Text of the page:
2 teaspoons sesame oil (heat pressed)

1 pound fresh asparagus trimmed (cut off the rough ends)

½ tea spoon kosher salt / Himalayan black salt

4-5 teaspoons water

A pinch of ground pepper

¼ teaspoon sesame seeds (optional)


In a non-stick skillet, heat the olive oil and 1 teaspoon sesame oil over high medium-high.

Add the asparagus into the oil and then add the salt and pepper to this.

Cook, stirring often, for 4 minutes.

Add the water, and continue to cook until easily pierced with the tip of a paring knife, for another 3 minutes.

Sprinkle the sesame seeds and the remaining 1 teaspoon of sesame oil and serve.


Bitter melon love


By Tenzin Kheshong

Bitter melon is a hard vegetable to sell to someone who hasn’t eaten it before. It’s not one of those vegetables that people easily fall in love with. It’s an acquired taste, I tell my husband. Unfortunately he doesn’t buy (or bite, rather) that theory. It doesn’t help that the melon looks as it does. Nonetheless, I have tried to cook it more often at home so that he slowly gets used to its taste and we lead a somewhat healthier life.

20151023_154347The first time a non bitter melon-eater tastes it, they will probably swear it is their last time too. I don’t blame them. I felt that way too when I first started eating it. Even now, I can’t eat it any other way but fried. The crispiness takes away a bit of the bitter taste in the mouth. But I didn’t like that fact that it was soaked in oil. Frying it sort of defeats the purpose of this very healthy vegetable.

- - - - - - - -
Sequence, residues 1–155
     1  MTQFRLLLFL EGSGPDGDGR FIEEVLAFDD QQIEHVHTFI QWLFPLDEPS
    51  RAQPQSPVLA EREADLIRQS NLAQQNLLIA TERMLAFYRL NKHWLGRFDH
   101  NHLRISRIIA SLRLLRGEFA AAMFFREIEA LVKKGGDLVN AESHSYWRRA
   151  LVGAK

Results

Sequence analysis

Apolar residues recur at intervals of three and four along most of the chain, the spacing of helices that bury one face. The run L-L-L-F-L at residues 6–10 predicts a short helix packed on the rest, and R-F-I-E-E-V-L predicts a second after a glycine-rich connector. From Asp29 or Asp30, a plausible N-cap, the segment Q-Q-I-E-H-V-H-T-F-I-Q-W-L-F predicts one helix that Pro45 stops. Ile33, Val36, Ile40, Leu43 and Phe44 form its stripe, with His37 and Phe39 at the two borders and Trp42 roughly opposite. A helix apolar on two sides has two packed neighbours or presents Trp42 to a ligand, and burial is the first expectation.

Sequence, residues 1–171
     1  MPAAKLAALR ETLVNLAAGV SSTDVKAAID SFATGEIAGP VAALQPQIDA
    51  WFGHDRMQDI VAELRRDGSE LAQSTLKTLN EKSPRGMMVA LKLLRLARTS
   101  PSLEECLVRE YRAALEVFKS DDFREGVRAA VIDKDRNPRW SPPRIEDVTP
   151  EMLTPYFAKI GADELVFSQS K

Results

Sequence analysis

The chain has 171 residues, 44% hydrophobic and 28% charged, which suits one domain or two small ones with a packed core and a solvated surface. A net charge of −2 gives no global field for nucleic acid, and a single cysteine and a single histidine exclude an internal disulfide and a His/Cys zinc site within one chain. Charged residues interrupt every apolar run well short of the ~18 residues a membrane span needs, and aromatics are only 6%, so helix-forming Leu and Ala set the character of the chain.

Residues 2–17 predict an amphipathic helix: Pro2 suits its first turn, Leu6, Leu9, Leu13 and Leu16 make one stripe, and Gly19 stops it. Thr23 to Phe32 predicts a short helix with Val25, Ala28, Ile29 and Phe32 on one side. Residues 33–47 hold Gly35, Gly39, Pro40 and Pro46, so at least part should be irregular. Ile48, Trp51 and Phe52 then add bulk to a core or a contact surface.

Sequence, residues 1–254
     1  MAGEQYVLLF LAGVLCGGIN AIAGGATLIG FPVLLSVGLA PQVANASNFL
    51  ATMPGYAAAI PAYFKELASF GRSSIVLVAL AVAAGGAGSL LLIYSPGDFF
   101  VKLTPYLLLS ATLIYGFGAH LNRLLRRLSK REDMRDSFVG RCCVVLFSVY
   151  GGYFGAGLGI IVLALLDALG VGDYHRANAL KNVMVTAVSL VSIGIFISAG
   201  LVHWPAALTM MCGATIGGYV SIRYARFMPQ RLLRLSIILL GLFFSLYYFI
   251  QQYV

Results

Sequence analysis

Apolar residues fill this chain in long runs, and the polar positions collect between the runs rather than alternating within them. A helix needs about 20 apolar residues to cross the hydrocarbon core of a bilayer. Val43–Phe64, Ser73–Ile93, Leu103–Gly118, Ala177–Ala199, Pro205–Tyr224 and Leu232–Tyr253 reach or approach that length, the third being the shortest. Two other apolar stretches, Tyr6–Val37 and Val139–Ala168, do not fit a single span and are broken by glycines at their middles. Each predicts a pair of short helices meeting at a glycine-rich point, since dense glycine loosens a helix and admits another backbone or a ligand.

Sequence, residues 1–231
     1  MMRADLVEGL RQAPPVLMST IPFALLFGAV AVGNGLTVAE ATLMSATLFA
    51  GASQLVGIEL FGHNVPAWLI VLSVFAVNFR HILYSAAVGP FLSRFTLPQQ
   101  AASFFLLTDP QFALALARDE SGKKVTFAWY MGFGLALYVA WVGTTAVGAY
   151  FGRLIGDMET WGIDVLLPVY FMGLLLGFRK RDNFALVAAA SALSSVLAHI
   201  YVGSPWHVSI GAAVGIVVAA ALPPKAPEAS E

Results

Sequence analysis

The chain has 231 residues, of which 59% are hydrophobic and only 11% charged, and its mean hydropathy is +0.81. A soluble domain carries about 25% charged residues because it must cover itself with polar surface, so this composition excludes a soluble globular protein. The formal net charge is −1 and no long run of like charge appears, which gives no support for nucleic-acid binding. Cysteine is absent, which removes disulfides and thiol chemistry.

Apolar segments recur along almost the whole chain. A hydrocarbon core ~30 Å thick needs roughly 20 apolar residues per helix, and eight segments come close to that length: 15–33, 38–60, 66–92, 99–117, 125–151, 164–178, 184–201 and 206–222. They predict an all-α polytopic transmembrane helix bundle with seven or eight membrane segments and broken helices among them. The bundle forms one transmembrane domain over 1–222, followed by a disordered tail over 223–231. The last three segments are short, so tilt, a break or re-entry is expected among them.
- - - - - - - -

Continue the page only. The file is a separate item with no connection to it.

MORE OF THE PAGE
I knew bitter melon was good for diabetes. But a simple search on the web shows that this vegetable is great for treating many other ailments – from cancer to digestion. This website has more details of the health benefits of bitter melon.

Last spring my aunt visited my sister and me and she brought with her, a new, healthier bitter melon recipe! Ever since then, I’ve changed the way I cook this vegetable. Just a little salt and butter is all it takes. Here’s the recipe.


-Bitter melon




  1. Cut the bitter melon into thin slices
  2. 20151023_154247I add the salt at this stage and let it rest for at least an hour (so that I can squeeze out a bit of the juice and the bitterness later)
  3. 20151023_155124On a non-stick pan, add a small amount of butter. I add enough to coat the pan when the butter melts.
  4. If you are okay with all the bitterness of the vegetable, you can add it to the pan at this stage. But I squeeze out the juice a little (it’s more palatable for my husband) and then add it to the pan.
  5. 20150329_140952On medium flame, let the bitter melon cook. Spread it across the pan so that it cooks evenly. Stir it as a few times to cook both the sides of the bitter melon.
  6. 20150528_111018It should take about 15 to 20 minutes to become crisp.
  7. IMG_2529Notes:

-To me, this recipe tastes best eaten immediately because it is still crisp.

-I always make this a side dish. The taste can be overpowering even for me, so I blend the strong flavor of this vegetable with a main course.

-If you are trying bitter melon for the first time, I suggest you don’t buy too many. Maybe two is enough just to get a taste of the vegetable. But I assure you, as you eat it more often, you will soon start enjoying the bitterness.

Cashew onion dip

By Shalini Kolluri

I usually prefer eating my roasted potatoes with the creamy cashew onion dip.